Overall...When these are running properly..are they as safe.



As say...a moped for riding in the city traffic?

I want something that I can do 35 mph on, I AM willing to wait for break-in, but I want something that can do 35 mph safely on.

Will this bike work for it? Will I need to get the 36 tooth Sprocket?

How safe will my bike be? I have a V-brakes, are they safe enough to stop me from higher speeds? Or not.. The thing is, there are roads here labeled 35 mph, and I would like to keep up.

Thanks for your info. I already have the kit and I am assembling it currently. I use to have it on another bike, but it would take forever to start, and throttle went in and out as it pleased. I want something reliable, and granted I changed the positiion of the carborator and stuff.

I have a small motor mechanic who repairs cycles, mopeds, snowmobiles, dirt bikes, and atv's that is willing to look at it and fine tune it. Would you trust it to be safe if I keep it in good condition?

Can I get it to idle properly?

I am still confused about how idling works on this motor. If I peddle it up to speed, and pop the clutch, and the motor starts, then if I approach a stop sign, should I just leave the clutch out and motor engaged? Should it stay idling, and then I can just twist throttle and go? or do I need to pull the clutch lever back in, (usually when I did this, engine just turned off...didn't idle), and then peddle back up to speed and pop clutch again?

I don't know what I am looking to do.

Any comments would be greatly appreciated, and btw...my kit is on a Schwinn High Sierra 26" Mountain Bike.
these things are very much like motorcycles, some mc experience is alway helpful but not necessary.

the clutch is either "engaged" ie the torque is being applied from the engine to the rear wheel, or "disengaged" ie the engine is idling but not driving the back wheel. let out the clutch-lever to engage, pull the clutch-lever to disengage.

to start the bike: disengage the clutch, start pedaling up to speed, pop the clutch (rapidly engage it), the torque from the rear wheel will turn the engine over and start it running.

to take off under power: start pedaling, increase the throttle while slowly engaging the clutch. this WILL get easier to do with experience.

to stop or slow down: decrease the throttle, disengage the clutch and lock it, use your brakes to slow down or stop.

to idle in place: disengage the clutch and release the throttle, lock the clutch lever for extended stops.

now, another thing about a motorized bicycle being like a motorcycle is USE YOUR HEAD: be safe, don't go faster than your brakes can safely stop you, always assume you'll need to stop NOW. in traffic, that's the only way to be...save the wilding for open roads.

TIP: disengage the clutch while slowing or stopping. only an experienced rider should use the engine as a braking force, these 2-strokers easily stall under hard braking and will stop you on a dime. guess what, then? hint: an aerial view of your handlebars usually means you just flew over them, get ready for an owie :eek:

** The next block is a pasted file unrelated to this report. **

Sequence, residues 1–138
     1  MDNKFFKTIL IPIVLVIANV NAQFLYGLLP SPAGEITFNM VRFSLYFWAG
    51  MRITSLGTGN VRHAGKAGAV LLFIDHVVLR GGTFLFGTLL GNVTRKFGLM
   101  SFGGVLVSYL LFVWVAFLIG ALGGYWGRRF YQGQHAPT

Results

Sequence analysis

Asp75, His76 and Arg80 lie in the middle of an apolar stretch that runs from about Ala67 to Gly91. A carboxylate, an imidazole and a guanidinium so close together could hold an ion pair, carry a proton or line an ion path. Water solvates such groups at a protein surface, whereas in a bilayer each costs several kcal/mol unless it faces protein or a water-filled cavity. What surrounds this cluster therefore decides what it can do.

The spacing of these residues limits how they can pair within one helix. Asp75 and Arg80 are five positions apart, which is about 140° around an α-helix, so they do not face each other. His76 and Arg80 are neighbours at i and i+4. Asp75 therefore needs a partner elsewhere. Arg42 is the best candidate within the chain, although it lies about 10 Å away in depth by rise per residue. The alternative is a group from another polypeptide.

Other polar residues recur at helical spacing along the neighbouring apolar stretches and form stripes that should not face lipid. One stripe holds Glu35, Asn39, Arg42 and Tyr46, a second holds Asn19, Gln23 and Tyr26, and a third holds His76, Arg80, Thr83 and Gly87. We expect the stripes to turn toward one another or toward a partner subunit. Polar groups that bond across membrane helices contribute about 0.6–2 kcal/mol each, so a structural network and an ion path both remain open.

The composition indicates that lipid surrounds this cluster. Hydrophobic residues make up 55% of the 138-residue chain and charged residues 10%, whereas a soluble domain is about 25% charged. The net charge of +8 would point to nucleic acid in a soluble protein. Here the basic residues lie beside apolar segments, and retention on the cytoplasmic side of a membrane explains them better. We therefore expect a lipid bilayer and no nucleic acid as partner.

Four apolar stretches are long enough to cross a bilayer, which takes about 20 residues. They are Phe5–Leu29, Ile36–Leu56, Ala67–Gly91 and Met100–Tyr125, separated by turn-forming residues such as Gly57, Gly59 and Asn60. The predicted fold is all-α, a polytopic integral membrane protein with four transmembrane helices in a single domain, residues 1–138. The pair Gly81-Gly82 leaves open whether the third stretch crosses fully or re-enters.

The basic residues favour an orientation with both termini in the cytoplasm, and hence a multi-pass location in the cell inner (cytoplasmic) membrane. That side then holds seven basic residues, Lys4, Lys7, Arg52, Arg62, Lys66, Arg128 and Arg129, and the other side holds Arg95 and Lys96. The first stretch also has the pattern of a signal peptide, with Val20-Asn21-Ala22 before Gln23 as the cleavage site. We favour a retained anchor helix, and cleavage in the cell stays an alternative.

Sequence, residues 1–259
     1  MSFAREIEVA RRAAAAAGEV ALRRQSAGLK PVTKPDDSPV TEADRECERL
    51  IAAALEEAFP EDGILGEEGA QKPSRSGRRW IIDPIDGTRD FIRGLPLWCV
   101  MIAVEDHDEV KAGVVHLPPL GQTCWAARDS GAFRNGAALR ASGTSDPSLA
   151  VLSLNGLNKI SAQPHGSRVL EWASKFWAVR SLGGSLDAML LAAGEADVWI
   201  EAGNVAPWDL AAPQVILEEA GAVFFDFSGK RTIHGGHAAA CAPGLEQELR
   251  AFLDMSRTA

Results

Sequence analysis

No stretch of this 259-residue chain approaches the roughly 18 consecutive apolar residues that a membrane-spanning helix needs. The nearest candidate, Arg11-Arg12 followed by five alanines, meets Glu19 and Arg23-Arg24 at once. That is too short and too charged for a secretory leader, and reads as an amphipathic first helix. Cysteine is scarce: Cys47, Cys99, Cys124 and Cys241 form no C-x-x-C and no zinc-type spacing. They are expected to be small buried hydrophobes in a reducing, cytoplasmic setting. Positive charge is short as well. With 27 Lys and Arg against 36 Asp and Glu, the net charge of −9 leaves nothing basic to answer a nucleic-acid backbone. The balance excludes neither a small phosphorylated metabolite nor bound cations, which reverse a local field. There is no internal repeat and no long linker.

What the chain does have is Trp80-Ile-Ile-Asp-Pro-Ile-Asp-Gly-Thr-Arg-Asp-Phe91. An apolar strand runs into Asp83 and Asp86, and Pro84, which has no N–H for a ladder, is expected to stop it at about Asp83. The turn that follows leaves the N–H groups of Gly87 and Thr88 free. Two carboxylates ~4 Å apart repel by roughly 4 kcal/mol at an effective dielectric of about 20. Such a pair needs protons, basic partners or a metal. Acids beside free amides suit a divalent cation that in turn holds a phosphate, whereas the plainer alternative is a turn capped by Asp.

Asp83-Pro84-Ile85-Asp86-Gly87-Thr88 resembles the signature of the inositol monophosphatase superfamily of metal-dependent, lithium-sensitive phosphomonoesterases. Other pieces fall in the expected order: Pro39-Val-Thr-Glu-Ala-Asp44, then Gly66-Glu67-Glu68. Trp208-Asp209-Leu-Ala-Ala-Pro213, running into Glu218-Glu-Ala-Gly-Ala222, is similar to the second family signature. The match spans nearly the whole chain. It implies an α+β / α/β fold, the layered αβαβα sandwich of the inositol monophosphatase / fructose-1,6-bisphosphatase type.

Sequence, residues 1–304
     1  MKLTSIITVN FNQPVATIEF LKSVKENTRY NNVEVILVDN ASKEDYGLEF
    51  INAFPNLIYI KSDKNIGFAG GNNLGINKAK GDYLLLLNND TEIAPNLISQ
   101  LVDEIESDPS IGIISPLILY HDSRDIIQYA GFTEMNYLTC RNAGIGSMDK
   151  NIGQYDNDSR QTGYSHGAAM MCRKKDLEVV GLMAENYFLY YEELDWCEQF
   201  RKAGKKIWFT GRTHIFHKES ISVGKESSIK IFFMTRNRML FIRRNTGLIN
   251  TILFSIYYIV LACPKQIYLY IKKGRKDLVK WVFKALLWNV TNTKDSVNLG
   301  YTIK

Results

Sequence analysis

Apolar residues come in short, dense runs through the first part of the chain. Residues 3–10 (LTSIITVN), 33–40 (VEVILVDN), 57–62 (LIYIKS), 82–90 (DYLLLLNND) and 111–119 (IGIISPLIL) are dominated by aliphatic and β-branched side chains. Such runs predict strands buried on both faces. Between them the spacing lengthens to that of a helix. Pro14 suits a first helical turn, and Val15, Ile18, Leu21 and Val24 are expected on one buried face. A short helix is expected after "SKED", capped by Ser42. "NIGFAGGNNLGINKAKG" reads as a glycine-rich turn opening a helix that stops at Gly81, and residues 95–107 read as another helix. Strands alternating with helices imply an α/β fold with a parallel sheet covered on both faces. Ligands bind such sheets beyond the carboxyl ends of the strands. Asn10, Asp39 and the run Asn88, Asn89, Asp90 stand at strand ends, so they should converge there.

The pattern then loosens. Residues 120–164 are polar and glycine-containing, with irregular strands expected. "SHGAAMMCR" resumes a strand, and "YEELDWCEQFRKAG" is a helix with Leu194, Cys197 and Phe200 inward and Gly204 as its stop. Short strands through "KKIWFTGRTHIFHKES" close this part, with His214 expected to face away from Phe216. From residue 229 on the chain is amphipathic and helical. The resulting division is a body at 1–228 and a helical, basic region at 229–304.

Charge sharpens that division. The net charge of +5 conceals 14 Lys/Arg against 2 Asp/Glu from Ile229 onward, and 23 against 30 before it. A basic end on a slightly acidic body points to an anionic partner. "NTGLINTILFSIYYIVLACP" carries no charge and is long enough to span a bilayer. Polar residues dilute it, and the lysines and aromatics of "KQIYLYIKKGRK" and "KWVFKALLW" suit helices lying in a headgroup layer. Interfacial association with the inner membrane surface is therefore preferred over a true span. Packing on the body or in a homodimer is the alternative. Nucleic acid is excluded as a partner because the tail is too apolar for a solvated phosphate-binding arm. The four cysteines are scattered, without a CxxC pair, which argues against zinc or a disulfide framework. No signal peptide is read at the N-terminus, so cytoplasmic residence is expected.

hope that was helpful, if i missed anything, someone else will surely fill you in 8)
Thanks for the insight.

The issue I had is that my engine would never idle.

When I would pull the clutch lever in, it would just totally kill engine, so I would have to take off from a dead stop.

I am just curious, if it is idling with clutch disengaged (pulled in) at a stop sign, can you just then put out the clutch and accelerate, or do you need to pedal? If the engine is already running, can you start from stand-still, or do you need to peddle up to 5 miles an hour again, and pop clutch?

I mean I know if you peddle, much faster acceleration, but it is required to start moving?

Yes it does idle at a stop with the clutch disengaged. Since there is no real transmission with gears you do want to pedal up to about 5 MPH and the let out the clutch even when taking off from an idle.
you can get up to about 30 with a stock 55cc, maybe 35. i have a completely stock 80cc kit on one of my bikes and it goes about 30 to 35 easy. i ride in traffic almost at a daily basis on my other bike with a 36t sproket and can get up to 40 to 45, i beat cars accross town or most of the way there, rush hour there isant a chance to keep up with me.
as i recall, the idling problem was about having the carb sideways, correct?

well, when built right, they will idle very nicely, screw the idle screw all the way in, then back off about 4 turns, that'll get ya started, then tune the idle for your conditions.

when stopped and idling, simply start to pedal & as you gain speed you can slowly (or quickly, hehe) hit the throttle & release (engage) the clutch.
ok well maybe this is why I'm having my engine locking problems because sometimes I stop at a light or stop sign, pull in the clutch, then just pop the clutch and revv up the throttle to get going again - I don't always peddle to get started again...
that's a real possibility, 'sideswipe, your feet have to be 1st & 2nd gear 8)
Do they make left-side derailers?

Cause if so..that would be the most kick ass motor bike ever.

Flip a bicycle tire around, rather than have the 44 tooth sprocket, and then just have a shifter. It would have 5 gears, that would kick ass. No pedaling required then. :)
there has to be a way to rig up a left side gear but it doesn't seem safe to me now that I think about it - my bike gears slip out all the time but at 5 or 6 mph not at 30 mph...